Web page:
In some ways, women have made huge strides in the last few decades. Careers that had been all male — doctors, engineers, even combat jobs in the military — are now open to women. Just last week, Hillary Clinton became the first female presumptive presidential candidate of a major party.
But then we heard about an extremely light sentence given to a Stanford swimmer who sexually assaulted an unconscious woman behind a dumpster on campus — and his father’s trivialization of the rape as “20 minutes of action.” Suddenly, it seemed not much had really changed.
In the 1960s and ’70s, feminists showed that rape is a crime of violence, not sex. Laws were changed to remove some of the “blame the victim” bias in the system, e.g., the need to show significant physical injuries to “prove” she didn’t consent.
But clearly, the broader American culture didn’t keep up with the laws. Survivors still have to fight to be believed when they report the crime. Defense attorneys can still dissect their lives in excruciating detail in court.
A few years ago, a U.S. Congressman suggested women couldn’t get pregnant during a “legitimate rape” because their bodies would “shut the whole thing down.” One in five women will be sexually assaulted during college, while women in the military are more likely to be raped by a fellow soldier than killed by enemy fire. Too many men still see women as objects for their own gratification.
A few years ago, a video of a woman walking on the streets of New York went viral. It showed the nearly constant stream of catcalls directed at her by men she passed. Some were simple hellos, while others were more menacing, sexually explicit comments. Some men actually followed her, continuing to verbally harass her for minutes on end.
Men who watched the video expressed shock at what they saw, but it was sadly familiar to most women.
The reality for women is that you don’t know if a street harasser is all talk or if he might try to grab you. I don’t think men really understand how much this awareness of the constant possibility of assault wears on women. We may not consciously think about it, but it’s always there, in the back of our minds.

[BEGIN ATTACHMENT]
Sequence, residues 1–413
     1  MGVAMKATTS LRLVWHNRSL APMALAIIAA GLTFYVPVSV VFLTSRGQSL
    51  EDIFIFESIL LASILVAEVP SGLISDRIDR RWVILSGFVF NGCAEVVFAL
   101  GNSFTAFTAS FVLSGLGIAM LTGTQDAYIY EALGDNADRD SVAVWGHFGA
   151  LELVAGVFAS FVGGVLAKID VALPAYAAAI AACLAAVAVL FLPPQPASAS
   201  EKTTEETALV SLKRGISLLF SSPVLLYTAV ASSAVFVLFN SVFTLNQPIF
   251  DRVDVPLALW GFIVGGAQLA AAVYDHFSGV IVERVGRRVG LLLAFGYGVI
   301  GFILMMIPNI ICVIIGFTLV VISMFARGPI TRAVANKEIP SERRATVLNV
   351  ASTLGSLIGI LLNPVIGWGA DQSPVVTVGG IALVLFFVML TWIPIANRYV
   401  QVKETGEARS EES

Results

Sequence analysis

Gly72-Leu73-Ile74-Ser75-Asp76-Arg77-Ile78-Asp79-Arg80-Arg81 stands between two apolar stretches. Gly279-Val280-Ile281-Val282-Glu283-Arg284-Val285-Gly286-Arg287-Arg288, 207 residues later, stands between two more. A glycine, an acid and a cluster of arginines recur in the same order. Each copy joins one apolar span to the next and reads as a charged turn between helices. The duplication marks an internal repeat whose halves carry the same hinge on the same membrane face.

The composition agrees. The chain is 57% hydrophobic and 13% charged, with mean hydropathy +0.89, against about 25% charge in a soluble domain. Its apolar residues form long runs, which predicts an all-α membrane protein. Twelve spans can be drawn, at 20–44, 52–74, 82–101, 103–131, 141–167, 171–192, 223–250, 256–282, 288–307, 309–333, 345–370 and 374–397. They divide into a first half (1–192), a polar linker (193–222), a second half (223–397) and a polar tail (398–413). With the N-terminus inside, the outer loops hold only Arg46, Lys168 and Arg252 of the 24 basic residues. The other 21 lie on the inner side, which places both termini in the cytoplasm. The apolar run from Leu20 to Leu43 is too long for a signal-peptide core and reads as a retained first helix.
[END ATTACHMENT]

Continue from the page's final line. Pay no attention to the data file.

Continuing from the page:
Which brings me to the outrage with Stanford swimmer Brock Turner’s sentence. Here was a case where the rapist was caught in the act, and yet the focus appeared to be on how hard the case had been on him. The judge noted the “severe impact” a prison sentence would have on this once-promising young man to justify Turner’s six-month sentence.
Contrast this with the case of another 19-year-old athlete, football player Cory Batey, who raped an unconscious woman at Vanderbilt University three years ago. As with the Stanford case, both Batey and the woman had been drinking. In both cases, there was ample evidence of the athlete’s guilt. Batey was sentenced to 15 to 25 years in prison.
Batey is black. Turner is white.
The question is how to turn outrage at Turner’s light sentence into lasting change. In court, the woman Turner attacked read a 12-page statement that is devastating in its honesty about the pain she and her family have endured since her attack. She also eloquently indicts the judicial system that, in effect, victimized her a second time during the trial.
Everyone should read her statement and discuss it with your family and friends and, in particular, with your sons, husbands, boyfriends and brothers.
We should talk about the devastating impact of this crime on women and the dehumanizing impact on the men who do it. We should discuss the devastating impact on minority communities when rape laws are not equally enforced.
Hopefully, this case will stir enough discussion to finally change the culture that too often leads men to think they can get away with rape … or not to think at all.
If we make that cultural shift, women would not have to constantly worry about assaults, both physical and verbal, when they leave their home. If that happens, women — and men — would have truly made a huge stride into the future.